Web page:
2. This is food for thought for me! I think I have to think about what my Mount Everest is. There have been many life events that have certainly changed my life so it’s hard to pick the most defining one.

  3. We summited Mount Kilimanjaro together for our first anniversary, raising money and awareness for a charity. As you said, it has become that moment that I can look back on to remind myself that I have the ability to accomplish challenges in life if I set my mind to them. Life isn’t always easy, but many of the things that make a lasting impression on our lives are the ones that we have to push through struggles to achieve.

  4. I was struggling to think of something for a little while here then I realised that I’ve entered the ballot for the London Marathon (unsuccessfully) about 5 times now and always start the prep and training early just in case this year is finally my year so I guess my eventual marathon is my Everest, or at least the closest thing I have right now x

    1. Agreed – most often mental toughness is harder to come by then physical strength. I am sure you will find the strength you need when you need it. 🙂

  5. What a fantastic concept Lisa, I love it! I’d love to do Kilimanjaro someday. Everest, not to much. But the two things I have in my mind the most someday are the Machu Picchu trek, and the Pacific crest trail.

    Sidenote: Have you ever read The Happiness of Pursuit by Chris Guillebeau? If not, I would recommend it to you. I think you’d really love it as I did!

  6. This is an interesting take on “Mont Everest”. I don’t think I have one. Sometimes everything is a Mont Everest and at other times nothing is. It does seem very easy. I don’t know really. I will have to think about it more deeply.. x

    http://www.serenbird.com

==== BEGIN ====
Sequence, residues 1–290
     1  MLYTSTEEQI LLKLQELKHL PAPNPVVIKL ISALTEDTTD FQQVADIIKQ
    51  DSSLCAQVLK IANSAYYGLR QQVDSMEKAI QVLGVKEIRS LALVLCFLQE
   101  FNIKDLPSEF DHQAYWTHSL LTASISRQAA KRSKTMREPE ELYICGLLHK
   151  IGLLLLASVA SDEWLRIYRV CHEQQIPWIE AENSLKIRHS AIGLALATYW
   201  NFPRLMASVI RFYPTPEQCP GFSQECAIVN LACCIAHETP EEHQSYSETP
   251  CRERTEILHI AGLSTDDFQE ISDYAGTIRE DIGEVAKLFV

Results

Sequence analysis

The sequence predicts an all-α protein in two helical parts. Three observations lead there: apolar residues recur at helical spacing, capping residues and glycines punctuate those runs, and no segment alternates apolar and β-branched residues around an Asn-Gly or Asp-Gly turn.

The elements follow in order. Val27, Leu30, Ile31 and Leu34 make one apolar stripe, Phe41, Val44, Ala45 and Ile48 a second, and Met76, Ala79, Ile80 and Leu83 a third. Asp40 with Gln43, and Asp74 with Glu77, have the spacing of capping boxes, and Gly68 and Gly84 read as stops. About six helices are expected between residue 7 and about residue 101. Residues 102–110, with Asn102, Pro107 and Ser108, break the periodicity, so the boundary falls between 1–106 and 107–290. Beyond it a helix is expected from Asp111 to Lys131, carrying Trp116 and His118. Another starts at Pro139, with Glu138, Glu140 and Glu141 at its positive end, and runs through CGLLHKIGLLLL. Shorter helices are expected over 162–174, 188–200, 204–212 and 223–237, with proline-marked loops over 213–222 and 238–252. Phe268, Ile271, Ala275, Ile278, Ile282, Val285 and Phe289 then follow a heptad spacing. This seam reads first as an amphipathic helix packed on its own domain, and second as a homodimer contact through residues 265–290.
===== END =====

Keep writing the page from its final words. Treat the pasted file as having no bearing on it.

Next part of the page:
7. Mine is Kilimanjaro in January! Although it’s been postponed a few times now but fingers crossed I can still do it in January. And my reasons are a lot of the same as you. I can’t wait for my first hurdle after I climb the mountain, to be able to look back at what I’ve achieved and know that I can achieve anything 🙂

  8. Wow, congrats on Kilimanjaro, that’s an incredible achievement! I think I’m with Ashleigh, I have to say my daughter is my proudest achievement too 🙂

  9. My biggest achievements are related to my partners and our pets. I love the little family I’m a part of. Right now, my future goals are to become a bigger and better blogger and turn that into not only my hobby but my job and also to start game streaming!

Leave a Reply

Your email address will not be published. Required fields are marked *

Next Post

What have I learnt from 2020?

2020 was a strange year that I think no one could have predicted. Lockdowns, social distancing, face masks, and working from home, last year has changed how we live our lives. What have I learnt from 2020? We are resilient. The world changed around us in a period of a […]

Pin It on Pinterest